And yes, I've got that stash... That's my investment for retirement - instead of using it sometimes, as it works, I'll need to use it as much as possible. one way or another, I'm hoping to be able to keep doing quilts that are donated.

  16. #16
    Super Member LAQUITA's Avatar
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    I was told one day recently that we are buying (collecting fabric) NOW so that we will have PLENTY to do once we do retire and have no more $. So about right huh?
    LaQuita (aka) - Yai-Yai to the most precious grandbaby around of course I'm partial! LOL

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  17. #17
    Power Poster mighty's Avatar
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    I have thought about this alot, scary!!!

  18. #18
    Super Member ube quilting's Avatar
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    Stock up while you can. Batting, backings, thread. Fabric is rather easy to come by.
    no act of kindness, no matter how small, is ever wasted. Aesop

  19. #19
    Super Member deedum's Avatar
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    Quote Originally Posted by LAQUITA View Post
    I was told one day recently that we are buying (collecting fabric) NOW so that we will have PLENTY to do once we do retire and have no more $. So about right huh?
    I like the way you think.

  20. #20
    Super Member GrannieAnnie's Avatar
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    Quote Originally Posted by deedum View Post
    Tonight I stopped by the fabric store to buy some backing material for two lapquilts. I was shocked at how much I spent, even though the fabric was on sale. I didn't dare look around at anything else, I did wonder driving home, how long can I afford to spend this money then give it away? Can I afford when I retire? I think about those things.
    remember to hit thrift stores for good used sheets and light weight blankets as well as faBRIC
    Bad Spellers of the World
    U N T I E

  21. #21
    Senior Member kaelynangelfoot's Avatar
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    I buy a lot of fabric on Ebay. If you hunt around you can find some great deals, such as boxes of misc fabric quarters/yards sold by the pound. I bought a box of 10 lbs of cotton quilting fabric for $50 (including shipping) and estimate that I got about 25 yards of usable fabric out of it.

  22. #22
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    I am retired and have set aside $200 a month for quilting. I even have my own separate checking account for it. I've noticed I spend about $150 average each month. It's like budgeting your checking account. Set aside money for it and stick with that budget.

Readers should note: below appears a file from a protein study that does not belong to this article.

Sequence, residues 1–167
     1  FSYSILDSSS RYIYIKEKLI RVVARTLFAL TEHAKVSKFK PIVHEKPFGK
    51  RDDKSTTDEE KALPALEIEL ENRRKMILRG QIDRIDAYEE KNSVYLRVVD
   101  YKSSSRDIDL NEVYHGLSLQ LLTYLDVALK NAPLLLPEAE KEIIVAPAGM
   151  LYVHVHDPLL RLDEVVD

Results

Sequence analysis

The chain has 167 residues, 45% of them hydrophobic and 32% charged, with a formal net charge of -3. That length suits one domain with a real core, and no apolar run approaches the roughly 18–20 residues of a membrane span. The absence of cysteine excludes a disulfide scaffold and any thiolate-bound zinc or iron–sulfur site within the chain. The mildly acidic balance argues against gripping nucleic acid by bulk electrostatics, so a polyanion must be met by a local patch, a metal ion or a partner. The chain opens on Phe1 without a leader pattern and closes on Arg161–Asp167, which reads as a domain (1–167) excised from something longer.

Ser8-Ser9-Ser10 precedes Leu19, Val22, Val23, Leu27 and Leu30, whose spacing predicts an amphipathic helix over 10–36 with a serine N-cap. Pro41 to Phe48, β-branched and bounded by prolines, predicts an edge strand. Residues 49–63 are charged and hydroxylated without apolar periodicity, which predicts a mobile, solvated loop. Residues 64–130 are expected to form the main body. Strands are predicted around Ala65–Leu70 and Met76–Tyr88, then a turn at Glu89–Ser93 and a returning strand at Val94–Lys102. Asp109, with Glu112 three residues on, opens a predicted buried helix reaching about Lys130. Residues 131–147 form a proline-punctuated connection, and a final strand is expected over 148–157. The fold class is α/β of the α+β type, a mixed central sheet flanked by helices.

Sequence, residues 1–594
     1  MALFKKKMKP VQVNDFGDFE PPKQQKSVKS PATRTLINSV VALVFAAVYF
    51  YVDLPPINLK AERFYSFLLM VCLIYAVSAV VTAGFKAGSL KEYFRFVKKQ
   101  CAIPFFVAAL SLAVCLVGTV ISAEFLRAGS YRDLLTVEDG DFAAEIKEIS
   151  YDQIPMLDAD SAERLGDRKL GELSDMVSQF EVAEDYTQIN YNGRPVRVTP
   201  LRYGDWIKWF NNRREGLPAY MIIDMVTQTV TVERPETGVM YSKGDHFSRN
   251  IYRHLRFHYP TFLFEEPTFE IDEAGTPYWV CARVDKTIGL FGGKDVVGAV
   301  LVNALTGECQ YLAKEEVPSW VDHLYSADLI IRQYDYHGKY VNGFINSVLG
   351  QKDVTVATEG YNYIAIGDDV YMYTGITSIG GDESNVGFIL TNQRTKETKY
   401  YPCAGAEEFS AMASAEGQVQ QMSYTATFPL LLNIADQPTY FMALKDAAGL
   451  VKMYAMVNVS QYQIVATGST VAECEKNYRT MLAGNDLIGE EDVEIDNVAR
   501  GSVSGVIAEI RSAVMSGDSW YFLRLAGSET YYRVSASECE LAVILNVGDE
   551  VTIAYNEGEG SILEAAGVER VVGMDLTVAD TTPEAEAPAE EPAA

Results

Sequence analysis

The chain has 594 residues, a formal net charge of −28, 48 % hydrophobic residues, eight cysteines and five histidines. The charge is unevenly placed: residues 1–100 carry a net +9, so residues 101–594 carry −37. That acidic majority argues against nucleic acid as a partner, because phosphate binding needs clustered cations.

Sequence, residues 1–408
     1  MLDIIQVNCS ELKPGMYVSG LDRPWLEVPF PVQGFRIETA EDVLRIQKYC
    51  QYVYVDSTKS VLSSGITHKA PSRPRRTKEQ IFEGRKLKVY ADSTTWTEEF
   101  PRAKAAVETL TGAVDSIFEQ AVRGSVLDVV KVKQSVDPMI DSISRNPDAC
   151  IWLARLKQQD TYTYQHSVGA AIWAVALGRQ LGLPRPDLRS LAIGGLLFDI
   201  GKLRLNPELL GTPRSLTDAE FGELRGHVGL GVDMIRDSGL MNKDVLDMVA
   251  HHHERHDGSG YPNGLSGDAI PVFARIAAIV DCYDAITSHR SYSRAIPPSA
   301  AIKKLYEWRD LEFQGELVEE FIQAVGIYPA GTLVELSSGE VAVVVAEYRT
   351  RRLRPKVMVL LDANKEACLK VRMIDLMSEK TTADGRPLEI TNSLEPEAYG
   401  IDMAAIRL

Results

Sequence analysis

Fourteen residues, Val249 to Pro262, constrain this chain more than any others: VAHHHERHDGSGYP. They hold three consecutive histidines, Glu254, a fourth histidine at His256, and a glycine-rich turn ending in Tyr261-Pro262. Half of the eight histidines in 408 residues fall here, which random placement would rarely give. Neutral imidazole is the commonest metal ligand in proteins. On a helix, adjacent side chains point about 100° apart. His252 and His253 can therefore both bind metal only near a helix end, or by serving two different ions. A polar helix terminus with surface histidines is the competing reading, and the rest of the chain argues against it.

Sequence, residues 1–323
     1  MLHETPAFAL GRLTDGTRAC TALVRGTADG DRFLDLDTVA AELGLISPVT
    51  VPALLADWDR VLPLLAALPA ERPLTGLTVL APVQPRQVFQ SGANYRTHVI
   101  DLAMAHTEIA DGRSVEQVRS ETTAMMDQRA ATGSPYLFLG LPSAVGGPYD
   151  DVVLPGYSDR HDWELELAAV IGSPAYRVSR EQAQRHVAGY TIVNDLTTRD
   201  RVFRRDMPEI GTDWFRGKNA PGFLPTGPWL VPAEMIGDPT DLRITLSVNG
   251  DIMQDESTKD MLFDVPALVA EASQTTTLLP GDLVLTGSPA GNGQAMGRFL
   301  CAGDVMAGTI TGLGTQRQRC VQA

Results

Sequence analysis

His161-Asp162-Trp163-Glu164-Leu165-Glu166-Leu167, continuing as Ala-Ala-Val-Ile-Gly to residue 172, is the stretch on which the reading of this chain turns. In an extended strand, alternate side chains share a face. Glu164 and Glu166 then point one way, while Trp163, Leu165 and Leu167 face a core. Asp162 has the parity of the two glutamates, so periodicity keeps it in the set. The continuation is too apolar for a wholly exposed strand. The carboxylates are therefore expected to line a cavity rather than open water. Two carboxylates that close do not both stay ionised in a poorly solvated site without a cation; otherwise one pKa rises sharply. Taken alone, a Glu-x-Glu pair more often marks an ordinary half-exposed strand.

23. #23
    Senior Member pyffer3's Avatar
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    Well, I must confess what I have been purchasing. I have bought blankets (feels simular to an electric blanket, only thinner) at $5.00 for twin size at the local dollar store. I have only completed 3 quilts and two more I am currently glueing together to get ready for quilting this weekend/next week. I use these blankets for my batting. Then I purchase twin size sheets from Wal-Mart at $4.97 for the backing. I know these are probably not "real" quilting items, but I didn't want to spend a lot of money because 1. I wasn't sure I would like quilting and 2. I am on a budget too. I have purchased good fabric for the quilt tops....Connecting Threads, Ebay, JoAnne's, Hobby Lobby. So, I figured up what I spent on the quilt I am currently working on for my sister's wedding gift. It's just a lap size. I bought the fabric in the clearance section on Connecting Threads for the top, spent about $16.00 with enough left over to make a couple of throw pillos, $5.00 for the blanket/batting, $4.97 for the sheet backing, $3.00 for the thread, and I did purchase more fabric for the binding - about $6.00. So, I only have about $35.00 total into the quilt. I don't think that's bad and I can afford to keep quilting. Also, those soft, fleecy throws are only $2.50 at the local dollar store and made a perfect backing for a large baby blanket I recently finished for my first grandchild. After using the blanket for batting I went back to the dollar store and bought all they had so I have 4 more left to use. So, I guess I am mindful of the expense associated with quilting. Fabric is really expensive!

  24. #24
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    Good Morning! Everyone. I'm new on the QB and have only done a couple small quilts. I did make a diaper bag. I found one at a garage sale, took it apart and just winged it. That was 8 years ago. it did turn out pretty cute and was disposed of. That just hit me the wrong way and I just stopped. I've decided that if any quilting I did was going to be disposed of the way I wanted it. so enough of the pityparty. I'm back and ready. I never got rid of my stash though. When I started going through it, I was amazed at what I had. I also remembered all the places that I picked up my material. That was a couple of weeks ago. I informed my husband I going sailing (as in garage, estate, moving, etc.). "OK, that's what I thought. Anything you want me to do?) He knew something was up when the machine was sitting back on the card table. I told him to just keep his eyes open and enough cash in his wallet. He picks material up for me also to and from work. So just "GO SAILING".

  25. #25
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    I retired a year ago and still work part-time. Thank goodness for a rather extensive stash of fabric otherwise I would not be able to quilt. I did buy a longarm quilting machine with part of my retirement money and am taking in quilting to help support my habit but it is very slow going trying to build a quilting business.
    I was recently asked to donate a couple of quilts for a fundraiser and had to search my stash and determine if i had the fabric to do it with buying more before I could commit. I also told my guild I would quilt a couple of their donation quilts each month rather than spending money on fabric to make donation quilts.
    I think you just have to make different decisions when your budget is more limited. I can't imagine giving up quilting. I am learning to make scrappier quilts also.